Lohagarh Fort - Architecture
Lohagarh Fort has been built by Maharaja Suraj Mal in 1732 on an artificial island. The outer walls of the fort have thick walls made up of mud. The fort was impregnable due to these mud walls because the cannons fired on the fort were sunk in the mud. These cannons were later used by the army of the maharaja to attack on the enemy. The construction of the fort took eight years to complete. The British took over the fort and broke the walls in 1826. Some of the structures inside the fort are as follows −
Ashtadhatu Gate is the main entrance to the fort. The spikes of the gate were made up of eight metals that’s why the gate is called ashtadhatu or eight metal gate. Here ashta means eight and dhatu means metal. The gate has rounded bastions along with paintings of war elephants. It is believed that the gate belonged to the Chittorgarh Fort which was brought by Alauddin Khilji to Delhi. In 1764, Raja Jawahar Singh brought the gate to Lohagarh Fort.
Lohiya Gate is situated at the south of the fort. It was also brought from Delhi as it was a part of Chittorgarh Fort and brought to Delhi by Alauddin Khilji.
Sandstone Durbar or Maharaja Meeting Hall was a hall where the king used to have public and private meetings. The walls of the hall are carved, and the hall also has pillars and archways. The hall has now been converted into a museum.
The fort is surround by moat whose width is 250feet and depth is 20 feet. After digging the moat a wall of the height of 25 feet and width of 30 feet was constructed. The fort has ten gates to enter and exit. Each door led to the main road and there was a moat in front of the road whose width was 175 feet and depth was 40 feet.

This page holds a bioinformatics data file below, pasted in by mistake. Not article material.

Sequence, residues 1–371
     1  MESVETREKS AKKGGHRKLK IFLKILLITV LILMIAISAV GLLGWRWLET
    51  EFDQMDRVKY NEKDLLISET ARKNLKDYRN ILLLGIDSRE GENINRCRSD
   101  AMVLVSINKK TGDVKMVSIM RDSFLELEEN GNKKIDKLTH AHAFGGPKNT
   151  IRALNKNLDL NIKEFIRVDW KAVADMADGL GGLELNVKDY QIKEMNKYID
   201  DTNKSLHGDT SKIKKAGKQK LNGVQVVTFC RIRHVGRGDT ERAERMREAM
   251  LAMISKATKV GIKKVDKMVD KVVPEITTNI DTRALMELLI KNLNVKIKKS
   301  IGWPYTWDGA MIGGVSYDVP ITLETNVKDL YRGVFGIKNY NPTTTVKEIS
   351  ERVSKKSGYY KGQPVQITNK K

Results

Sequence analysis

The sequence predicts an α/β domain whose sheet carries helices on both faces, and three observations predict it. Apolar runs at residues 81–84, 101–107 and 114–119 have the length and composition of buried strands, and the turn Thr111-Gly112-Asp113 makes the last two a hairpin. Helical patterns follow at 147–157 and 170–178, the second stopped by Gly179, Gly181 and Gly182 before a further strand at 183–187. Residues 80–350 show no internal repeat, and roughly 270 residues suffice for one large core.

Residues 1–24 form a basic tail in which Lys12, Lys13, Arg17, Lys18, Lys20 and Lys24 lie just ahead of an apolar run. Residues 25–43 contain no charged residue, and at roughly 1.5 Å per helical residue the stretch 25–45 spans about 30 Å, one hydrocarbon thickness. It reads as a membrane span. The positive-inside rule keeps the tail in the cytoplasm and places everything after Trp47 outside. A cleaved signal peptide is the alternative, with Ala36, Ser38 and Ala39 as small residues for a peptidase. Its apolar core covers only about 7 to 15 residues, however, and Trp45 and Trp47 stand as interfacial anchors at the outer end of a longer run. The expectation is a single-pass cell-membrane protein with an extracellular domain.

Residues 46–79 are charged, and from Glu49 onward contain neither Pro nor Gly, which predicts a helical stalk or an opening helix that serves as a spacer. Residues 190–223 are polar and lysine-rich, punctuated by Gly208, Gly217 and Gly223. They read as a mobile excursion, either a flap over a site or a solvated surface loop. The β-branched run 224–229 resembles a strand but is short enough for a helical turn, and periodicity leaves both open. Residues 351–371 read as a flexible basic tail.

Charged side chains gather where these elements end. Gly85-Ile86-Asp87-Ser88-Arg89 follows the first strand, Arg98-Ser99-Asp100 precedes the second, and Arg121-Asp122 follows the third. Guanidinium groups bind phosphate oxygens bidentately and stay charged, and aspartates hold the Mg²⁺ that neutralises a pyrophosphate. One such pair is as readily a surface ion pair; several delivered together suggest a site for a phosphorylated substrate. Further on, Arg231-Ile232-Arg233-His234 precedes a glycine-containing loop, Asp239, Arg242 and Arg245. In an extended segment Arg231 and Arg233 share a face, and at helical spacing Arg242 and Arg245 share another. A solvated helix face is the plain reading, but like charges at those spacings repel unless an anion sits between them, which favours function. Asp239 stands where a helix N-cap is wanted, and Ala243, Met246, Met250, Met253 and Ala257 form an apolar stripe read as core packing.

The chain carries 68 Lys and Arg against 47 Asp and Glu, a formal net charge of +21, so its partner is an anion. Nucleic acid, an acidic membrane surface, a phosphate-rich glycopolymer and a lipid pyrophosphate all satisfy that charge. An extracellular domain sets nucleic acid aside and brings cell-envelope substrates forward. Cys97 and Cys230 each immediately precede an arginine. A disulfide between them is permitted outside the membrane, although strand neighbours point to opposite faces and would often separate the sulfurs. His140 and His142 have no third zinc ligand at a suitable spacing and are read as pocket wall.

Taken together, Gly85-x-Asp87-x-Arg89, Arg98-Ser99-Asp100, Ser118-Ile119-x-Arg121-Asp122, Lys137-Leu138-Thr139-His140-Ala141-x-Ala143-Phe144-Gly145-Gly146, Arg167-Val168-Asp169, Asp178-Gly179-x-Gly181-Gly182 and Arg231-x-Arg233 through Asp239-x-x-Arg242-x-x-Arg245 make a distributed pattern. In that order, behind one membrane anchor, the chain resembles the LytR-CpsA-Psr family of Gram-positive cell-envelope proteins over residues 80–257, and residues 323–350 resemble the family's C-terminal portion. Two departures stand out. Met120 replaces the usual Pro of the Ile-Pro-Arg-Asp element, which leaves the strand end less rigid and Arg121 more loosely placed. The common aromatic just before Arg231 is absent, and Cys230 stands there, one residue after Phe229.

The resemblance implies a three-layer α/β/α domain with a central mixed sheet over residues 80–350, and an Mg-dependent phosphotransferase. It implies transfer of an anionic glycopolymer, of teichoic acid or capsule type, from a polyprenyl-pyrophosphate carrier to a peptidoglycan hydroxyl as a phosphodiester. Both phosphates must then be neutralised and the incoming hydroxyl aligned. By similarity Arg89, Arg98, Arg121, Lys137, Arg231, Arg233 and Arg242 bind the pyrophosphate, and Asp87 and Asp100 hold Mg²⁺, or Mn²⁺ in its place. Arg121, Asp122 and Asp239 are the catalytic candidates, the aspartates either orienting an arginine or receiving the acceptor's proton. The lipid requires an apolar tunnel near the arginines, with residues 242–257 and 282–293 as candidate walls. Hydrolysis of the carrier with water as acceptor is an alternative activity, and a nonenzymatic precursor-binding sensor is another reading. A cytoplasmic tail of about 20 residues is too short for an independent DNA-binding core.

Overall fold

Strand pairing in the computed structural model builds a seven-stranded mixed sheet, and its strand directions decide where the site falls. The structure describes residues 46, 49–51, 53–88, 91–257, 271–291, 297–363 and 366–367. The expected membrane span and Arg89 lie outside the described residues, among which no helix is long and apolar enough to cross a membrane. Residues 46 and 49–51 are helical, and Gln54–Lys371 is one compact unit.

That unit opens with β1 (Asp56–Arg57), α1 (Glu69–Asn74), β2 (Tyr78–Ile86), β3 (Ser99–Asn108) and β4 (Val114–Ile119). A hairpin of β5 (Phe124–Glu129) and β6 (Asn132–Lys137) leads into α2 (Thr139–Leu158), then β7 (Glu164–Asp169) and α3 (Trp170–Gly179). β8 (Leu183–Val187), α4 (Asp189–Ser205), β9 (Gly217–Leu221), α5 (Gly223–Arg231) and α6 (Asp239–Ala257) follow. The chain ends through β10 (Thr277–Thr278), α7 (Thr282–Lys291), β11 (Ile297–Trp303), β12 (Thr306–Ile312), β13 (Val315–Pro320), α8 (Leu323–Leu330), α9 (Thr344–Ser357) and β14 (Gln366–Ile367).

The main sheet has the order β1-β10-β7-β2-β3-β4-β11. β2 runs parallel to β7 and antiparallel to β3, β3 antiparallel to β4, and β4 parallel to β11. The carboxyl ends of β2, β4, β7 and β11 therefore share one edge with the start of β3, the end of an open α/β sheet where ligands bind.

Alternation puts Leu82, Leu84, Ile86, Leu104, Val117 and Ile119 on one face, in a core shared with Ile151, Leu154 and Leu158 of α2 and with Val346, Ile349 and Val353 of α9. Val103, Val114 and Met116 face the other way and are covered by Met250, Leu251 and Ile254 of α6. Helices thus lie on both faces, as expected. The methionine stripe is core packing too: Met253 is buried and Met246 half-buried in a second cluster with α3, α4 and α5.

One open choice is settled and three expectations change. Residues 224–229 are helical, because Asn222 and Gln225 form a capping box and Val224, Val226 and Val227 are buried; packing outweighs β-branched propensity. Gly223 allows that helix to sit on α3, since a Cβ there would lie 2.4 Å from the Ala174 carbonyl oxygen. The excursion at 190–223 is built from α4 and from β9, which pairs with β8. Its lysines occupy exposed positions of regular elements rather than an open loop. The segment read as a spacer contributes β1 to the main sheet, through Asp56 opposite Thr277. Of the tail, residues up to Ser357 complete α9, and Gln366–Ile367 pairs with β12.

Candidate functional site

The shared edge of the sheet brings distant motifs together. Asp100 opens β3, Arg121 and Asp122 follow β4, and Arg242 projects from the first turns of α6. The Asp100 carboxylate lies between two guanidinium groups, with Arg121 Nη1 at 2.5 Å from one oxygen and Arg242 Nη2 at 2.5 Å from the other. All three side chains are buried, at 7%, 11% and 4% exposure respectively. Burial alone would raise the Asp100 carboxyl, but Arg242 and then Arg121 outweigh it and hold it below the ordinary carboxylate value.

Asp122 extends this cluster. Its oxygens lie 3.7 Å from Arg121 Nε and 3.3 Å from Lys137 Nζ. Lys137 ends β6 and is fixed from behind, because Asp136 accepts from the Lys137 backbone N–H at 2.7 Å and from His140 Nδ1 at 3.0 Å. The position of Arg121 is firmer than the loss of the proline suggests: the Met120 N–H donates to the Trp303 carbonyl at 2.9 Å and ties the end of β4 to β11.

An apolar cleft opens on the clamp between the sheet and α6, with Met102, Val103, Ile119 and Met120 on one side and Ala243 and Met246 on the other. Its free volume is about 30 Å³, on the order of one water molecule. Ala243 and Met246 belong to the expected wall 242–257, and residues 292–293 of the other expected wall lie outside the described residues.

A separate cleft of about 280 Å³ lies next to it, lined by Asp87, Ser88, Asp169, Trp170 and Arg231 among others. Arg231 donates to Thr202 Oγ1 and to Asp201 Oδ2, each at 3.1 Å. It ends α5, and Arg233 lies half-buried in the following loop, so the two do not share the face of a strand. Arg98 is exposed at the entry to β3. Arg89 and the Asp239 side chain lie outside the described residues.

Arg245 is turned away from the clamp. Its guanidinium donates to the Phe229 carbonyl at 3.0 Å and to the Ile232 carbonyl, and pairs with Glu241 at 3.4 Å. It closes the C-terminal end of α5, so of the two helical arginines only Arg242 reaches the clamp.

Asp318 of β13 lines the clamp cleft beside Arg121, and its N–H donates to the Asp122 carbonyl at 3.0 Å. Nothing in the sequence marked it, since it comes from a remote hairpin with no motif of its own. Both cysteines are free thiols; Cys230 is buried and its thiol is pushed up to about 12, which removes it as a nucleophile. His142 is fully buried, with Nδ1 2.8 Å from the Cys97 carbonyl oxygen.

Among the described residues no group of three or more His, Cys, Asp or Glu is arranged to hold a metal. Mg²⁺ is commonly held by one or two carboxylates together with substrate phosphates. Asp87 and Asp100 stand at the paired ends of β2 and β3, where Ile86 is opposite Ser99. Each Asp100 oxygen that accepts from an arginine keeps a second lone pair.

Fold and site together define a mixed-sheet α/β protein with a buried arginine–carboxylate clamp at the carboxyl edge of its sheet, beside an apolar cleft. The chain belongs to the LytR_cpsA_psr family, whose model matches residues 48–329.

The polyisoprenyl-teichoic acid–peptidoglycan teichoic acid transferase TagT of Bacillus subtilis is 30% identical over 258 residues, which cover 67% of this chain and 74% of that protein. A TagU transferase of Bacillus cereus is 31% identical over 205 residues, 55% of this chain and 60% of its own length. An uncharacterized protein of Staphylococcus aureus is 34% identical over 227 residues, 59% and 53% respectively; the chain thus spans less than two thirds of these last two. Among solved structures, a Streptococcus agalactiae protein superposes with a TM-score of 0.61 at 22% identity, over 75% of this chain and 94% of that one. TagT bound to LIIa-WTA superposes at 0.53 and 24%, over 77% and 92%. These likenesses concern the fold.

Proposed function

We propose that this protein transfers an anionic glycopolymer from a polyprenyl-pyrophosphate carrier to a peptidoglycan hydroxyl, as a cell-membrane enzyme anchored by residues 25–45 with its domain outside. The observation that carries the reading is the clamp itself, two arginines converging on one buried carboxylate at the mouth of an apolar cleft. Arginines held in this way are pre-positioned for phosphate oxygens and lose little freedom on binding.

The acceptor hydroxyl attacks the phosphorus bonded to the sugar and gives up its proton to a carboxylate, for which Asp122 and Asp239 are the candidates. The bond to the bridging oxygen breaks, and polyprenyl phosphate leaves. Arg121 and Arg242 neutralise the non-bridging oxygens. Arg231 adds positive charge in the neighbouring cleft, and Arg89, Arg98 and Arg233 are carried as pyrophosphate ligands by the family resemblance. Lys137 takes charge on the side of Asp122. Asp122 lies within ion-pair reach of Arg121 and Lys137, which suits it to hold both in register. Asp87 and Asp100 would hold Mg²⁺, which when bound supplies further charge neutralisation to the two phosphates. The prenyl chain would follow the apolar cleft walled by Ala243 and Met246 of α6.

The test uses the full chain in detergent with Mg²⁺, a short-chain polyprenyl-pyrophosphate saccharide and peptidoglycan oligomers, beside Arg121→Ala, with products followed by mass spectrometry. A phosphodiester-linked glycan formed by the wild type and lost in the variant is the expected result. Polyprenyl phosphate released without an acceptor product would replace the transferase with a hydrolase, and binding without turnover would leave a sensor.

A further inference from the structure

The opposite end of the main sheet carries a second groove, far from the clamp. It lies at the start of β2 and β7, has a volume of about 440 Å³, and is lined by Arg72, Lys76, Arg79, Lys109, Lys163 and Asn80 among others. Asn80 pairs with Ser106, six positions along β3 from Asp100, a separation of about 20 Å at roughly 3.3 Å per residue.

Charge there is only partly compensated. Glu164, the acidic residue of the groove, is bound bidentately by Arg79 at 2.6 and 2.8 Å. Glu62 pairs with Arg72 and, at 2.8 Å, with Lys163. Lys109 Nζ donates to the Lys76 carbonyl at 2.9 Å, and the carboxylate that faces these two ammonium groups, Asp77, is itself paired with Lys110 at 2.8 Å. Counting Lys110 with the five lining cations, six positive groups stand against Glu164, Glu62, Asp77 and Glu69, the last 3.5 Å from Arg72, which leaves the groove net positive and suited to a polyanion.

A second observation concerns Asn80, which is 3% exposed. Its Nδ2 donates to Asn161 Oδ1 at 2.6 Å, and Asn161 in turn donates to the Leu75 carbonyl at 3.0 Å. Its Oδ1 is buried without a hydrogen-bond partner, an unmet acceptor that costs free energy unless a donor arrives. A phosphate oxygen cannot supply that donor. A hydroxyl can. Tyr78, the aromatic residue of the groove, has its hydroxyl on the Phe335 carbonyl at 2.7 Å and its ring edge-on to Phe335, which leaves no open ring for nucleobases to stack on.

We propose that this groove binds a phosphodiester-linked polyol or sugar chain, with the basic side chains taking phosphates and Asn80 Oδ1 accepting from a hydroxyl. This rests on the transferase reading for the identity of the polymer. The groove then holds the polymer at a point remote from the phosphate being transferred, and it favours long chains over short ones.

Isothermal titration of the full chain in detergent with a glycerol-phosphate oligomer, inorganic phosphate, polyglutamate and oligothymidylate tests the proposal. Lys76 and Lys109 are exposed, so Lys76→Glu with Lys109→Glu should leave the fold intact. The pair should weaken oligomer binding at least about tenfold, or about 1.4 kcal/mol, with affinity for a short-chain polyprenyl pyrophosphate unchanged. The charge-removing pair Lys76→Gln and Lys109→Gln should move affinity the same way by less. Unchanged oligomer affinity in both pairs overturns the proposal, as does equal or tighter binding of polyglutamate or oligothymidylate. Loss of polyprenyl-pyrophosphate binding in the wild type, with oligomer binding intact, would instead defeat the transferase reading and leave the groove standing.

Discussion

Walls of the Fort
The walls of the main building of the fort has the height of 100 feet and width of 30 feet. The outer part was made up of brick and mortar but the inner part was made up of mud. The interior portion was not affected by the firing of cannons.
There were eight burjs or towers in the fort out of which Jawahar Burj is the highest. Big cannon-on-wheels were installed on these towers. The cannon-on-wheels had so much weight that around 40 pairs of bulls were used to pull the weapon. Many small cannon-on-wheels were also installed that were either robbed during a war or were bought by the king.
Jawahar Burj and Fateh Burj
Jawahar Burj was built by Raja Sawai Jawahar Singh in 1765 to commemorate his victory over Mughals. Jawahar Burj was also used for the coronation ceremony of the rulers. The ceiling of the burj has frescoes which are deteriorating now. There is also a series of pavilions in the burj. Fateh Burj was built by Raja Ranjeet Singh in the commemoration of his win over the British. The burj was constructed in 1805.
Vijay Stambh or Victory Column is an iron pillar which consists of the lineage of Jat kings. Starting from Lord Krishna, the genealogy leads to Sindhupal who was the 64th descendent of Lord Krishna. It goes up to Maharaja Brijendra Singh who ruled from 1929 to 1948. The mentioned rulers in the genealogy belong to Yaduvanshi Jat.
Mahal Khas was built by Suraj Mal who reigned from 1733 to 1763. The roofs of the palace are curved and caved brackets were used to support the balconies. All this construction was a part of Jat architecture. One more Mahal Khas is there on the eastern side of the fort which was built by Raja Balwant Singh who ruled from 1826 to 1853.
Badan Singh Palace
Badan Singh Palace was constructed by Suraj Mal’s father at the northwest corner of the fort. The palace is also known as Old Palace and was built at the highest point of the fort. Suraj Mal’s father ruled Bharatpur from 1722 to 1733.
The Kamra Palace was built adjacent to the Badan Singh palace and was used to keep weapons and armoury. The palace has now been converted into a museum which includes Jain sculptures, collection of weapons, and Arabic and Sanskrit manuscripts.
Ganga Mandir was built by Raja Balwant Singh in 1845. Raja announced that the persons who are involved in the construction have to donate their one month salary. The architecture of the temple is very beautiful.
Laxman Temple is dedicated to Laxman the brother of Lord Rama who went with him for the exile of 14 years. The temple was constructed by using stone work. There are carvings from doorways to pillars, ceilings, arches, and walls.